Johann Friedrich Reichardt is mostly known for his lieder in the late Classical era. As a precursor of Schubert, Reichardt's music ends up having a fairly strong influence on Schubert's. Reichardt was heavily involved in the operatic traditions, particularly Opera Buffa, and served as the director of the Berlin Opera (Robbins 2011). Some of the most important lieder composed by Reichardt are those set to the texts by Goethe (Bonds 2010).
Written in 1809, this music falls within the late Classical period and is not as forward thinking towards the Romantic period as Beethoven or Schubert. As the majority of Classical music, An Mignon is homophonic, with melody always taking precedence over the accompaniment underneath. In this way, the piano music throughout is very simple, employing a basic chordal structure with repeated arpeggios underneath the melody in the vocal part. As part of the late Classical period, accidentals are not as abundant as in Romantic music or composers who bridge the two musical eras. The rhythms are strait forward and simple. Typical to lieder, the work is also strophic, with the music staying the same while different verses are sung over the accompaniment.
Compared to Schubert's , there are many similarities but also several differences. Regarding the similarities, the two works are both homophonic, with the emphasis on melody. The rhythms in both are simplistic and strophic. Differences are found primarily in chordal structure and accompaniment. Schubert uses more varied chords in the accompaniment, particularly through the use of diminished and augmented chords.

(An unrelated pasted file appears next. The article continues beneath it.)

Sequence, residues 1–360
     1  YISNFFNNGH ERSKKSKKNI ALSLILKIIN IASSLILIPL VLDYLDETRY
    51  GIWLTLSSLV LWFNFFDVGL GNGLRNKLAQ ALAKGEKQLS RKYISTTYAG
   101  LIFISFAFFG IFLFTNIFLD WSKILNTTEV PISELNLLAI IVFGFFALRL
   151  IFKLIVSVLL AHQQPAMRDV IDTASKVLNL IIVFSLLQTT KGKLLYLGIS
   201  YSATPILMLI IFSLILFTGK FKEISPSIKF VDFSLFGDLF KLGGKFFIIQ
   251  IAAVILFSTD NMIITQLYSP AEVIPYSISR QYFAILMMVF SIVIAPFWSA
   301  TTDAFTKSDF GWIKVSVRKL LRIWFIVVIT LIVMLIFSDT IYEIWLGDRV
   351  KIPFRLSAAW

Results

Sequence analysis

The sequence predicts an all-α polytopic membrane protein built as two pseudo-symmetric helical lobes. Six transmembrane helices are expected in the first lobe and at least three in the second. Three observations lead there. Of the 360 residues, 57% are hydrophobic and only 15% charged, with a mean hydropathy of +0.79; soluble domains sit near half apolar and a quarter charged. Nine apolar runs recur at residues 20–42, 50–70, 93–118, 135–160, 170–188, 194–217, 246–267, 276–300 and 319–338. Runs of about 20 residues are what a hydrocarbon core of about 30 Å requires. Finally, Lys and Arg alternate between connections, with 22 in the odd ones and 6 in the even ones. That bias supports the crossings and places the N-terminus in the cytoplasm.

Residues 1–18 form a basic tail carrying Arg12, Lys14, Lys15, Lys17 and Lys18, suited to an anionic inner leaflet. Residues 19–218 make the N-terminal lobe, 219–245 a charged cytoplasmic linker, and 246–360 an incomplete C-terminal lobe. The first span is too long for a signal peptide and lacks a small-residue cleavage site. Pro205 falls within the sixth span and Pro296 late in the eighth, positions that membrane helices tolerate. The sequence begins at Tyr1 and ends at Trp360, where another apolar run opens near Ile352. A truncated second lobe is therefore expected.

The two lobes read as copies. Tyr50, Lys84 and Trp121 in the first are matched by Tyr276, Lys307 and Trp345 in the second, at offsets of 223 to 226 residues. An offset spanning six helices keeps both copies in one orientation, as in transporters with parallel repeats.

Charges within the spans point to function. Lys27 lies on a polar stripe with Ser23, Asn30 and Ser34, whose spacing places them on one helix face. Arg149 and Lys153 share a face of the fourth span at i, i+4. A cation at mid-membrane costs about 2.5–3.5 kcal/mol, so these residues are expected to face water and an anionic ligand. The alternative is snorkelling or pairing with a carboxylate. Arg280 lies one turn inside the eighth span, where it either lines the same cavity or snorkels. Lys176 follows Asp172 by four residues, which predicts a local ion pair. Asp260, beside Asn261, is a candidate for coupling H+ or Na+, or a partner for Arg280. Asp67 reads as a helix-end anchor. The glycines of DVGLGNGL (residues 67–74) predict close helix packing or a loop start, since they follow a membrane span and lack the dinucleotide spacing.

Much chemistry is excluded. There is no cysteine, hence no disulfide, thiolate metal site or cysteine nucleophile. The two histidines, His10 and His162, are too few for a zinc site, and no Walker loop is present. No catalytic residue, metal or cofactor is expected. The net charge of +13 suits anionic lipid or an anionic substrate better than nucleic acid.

I enjoyed looking at Reichardt's An Mignon as an example of late Classical music rather than the more Romantic music presented by Schubert. This analysis helped me more clearly see differences in Classical and Romantic characteristics. Historically, it is interesting to know some of what influenced Schubert.
"An Mignon (Goethe) Aus. J.Fr. Reichardt: Lieder von Liebe und von der Einsamkeit." YouTube video, 2:40. Posted by "Georg Ott," upload October 31, 2013. https://www.youtube.com/watch?v=VqMPwZ_wxt0
Mark Evans Bonds. A History of Music in Western Culture. 4th ed. Upper Saddle River, NJ: Pearson Prentice-Hall, 2013.
First Edition. Book 1. Creative Commons Attribution. http://imslp.org/wiki/Goethe's_Lieder,_Oden,_Balladen_und_Romanzen_(Reichardt,_Johann_Friedrich)
Allison Robbins. (2011, February) Classical Period. Musicology 220. Lecture conducted from University of Tennessee, Knoxville.